Hey guys! My name is Sydney and I am a sophomore studying neuroscience. I picked DIY Diagnostics because my FIG professor recommended Dr. Riedel for being very open to letting students pursue their own interests, I knew that the lab is related to healthcare in some aspects, and it is interdisciplinary with biology, chemistry, and computer science. These points couldn’t describe the stream more perfectly. To give some context to my experience I want to explain the general lifecycle of being in FRI; In the spring you are placed in a lab and your research is driven by assignments designed to teach you various lab processes. In our lab, we learned qPCR, 3D printing, and even a bit of coding. We cultured samples of Waller Creek to detect a pollution source coming out of a pipe, and from that data alerted UHS and the city about a real public health problem. After your first semester you have the option to apply for a paid summer fellowship, which gives you a head start on the more independent project that you wouldn’t start working on until the fall of your sophomore year otherwise. For my project I chose to use wax-printing and a method of agglutination with CRP antibodies on paper-based diagnostics to detect a sample’s quantity of target protein by measuring the sample’s lateral flow distance, specifically looking at an inflammatory biomarker highly associated with heart failure called C-reactive protein. I had no idea what any of this meant when I first started, but that uncertainty is the most important part of FRI.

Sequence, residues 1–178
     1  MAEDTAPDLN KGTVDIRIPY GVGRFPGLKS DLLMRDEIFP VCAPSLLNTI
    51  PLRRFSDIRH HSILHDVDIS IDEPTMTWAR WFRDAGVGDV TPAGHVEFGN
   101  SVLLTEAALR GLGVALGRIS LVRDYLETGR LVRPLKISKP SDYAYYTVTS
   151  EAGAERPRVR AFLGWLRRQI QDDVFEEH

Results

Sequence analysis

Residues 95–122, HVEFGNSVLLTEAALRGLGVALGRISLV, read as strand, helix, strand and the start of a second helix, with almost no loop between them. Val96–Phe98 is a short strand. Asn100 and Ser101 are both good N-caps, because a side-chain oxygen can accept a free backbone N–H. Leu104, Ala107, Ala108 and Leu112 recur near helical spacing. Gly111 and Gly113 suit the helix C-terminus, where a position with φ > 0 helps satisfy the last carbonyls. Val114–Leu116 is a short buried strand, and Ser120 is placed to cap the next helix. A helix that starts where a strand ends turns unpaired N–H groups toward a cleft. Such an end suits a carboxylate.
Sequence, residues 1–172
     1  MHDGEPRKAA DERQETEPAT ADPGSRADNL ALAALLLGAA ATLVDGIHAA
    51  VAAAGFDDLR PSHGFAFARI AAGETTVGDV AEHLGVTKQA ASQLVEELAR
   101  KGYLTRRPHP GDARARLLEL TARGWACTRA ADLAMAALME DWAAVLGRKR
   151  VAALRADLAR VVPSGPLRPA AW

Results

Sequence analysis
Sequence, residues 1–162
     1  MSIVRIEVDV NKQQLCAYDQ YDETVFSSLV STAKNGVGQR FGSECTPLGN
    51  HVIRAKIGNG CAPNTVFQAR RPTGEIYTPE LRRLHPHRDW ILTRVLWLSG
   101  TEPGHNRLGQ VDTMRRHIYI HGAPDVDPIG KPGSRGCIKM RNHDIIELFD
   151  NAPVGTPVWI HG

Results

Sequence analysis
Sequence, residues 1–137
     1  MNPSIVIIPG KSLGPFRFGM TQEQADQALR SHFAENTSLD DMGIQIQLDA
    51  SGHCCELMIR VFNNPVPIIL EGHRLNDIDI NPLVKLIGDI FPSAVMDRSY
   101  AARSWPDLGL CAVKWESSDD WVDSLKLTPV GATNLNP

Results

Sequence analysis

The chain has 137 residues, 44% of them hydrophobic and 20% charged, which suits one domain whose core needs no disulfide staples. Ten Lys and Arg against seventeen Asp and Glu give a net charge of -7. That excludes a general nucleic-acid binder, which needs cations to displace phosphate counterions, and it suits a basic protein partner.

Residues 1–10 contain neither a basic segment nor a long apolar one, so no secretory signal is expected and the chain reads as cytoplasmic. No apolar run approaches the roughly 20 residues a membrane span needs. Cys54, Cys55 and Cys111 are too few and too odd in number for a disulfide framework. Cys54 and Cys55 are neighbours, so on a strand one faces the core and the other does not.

During my fellowship with the lab this summer I learned all about the past relevant research, potential importance, and mechanisms of what I was working with, and as time went on became more confident with what I could do. It gets frustrating at times because working on a project without knowing what the outcome will be is intimidating, and on top of that you aren’t always sure what you’re looking for. This, though, is what pushed me to become a real researcher, and it will be what pushes you. Sometimes the most important thing you can do is to keep chugging along. It’s also the most rewarding thing ever when you realize you’ve become an expert at something! You may not have a Ph.D. yet, but you get to know your project inside and out, and that’s a truly valuable thing. Having the training to do something at a wet bench on your own or being able to control your computer instead of letting it control you are skills not found in many people our age, and if you market those skills right they can get you somewhere. Because of what I learned in DIY, I was able to pitch myself and my skills to a biotech company in Boston that is taking me on as their first intern this summer. People appreciate experience, so my best advice is to not take for granted what you have done.
What you do at UT matters. You have experiences that set you apart that make your story interesting and unique to you. FRI is an opportunity unique to UT, and you’re already forming the right habits by taking advantage of it. This lab is one of my experiences that has taken me very far, made me a better problem solver, and a better scientist overall. I highly recommend coming by during the open house sessions to see what we’re all about- you won’t regret it!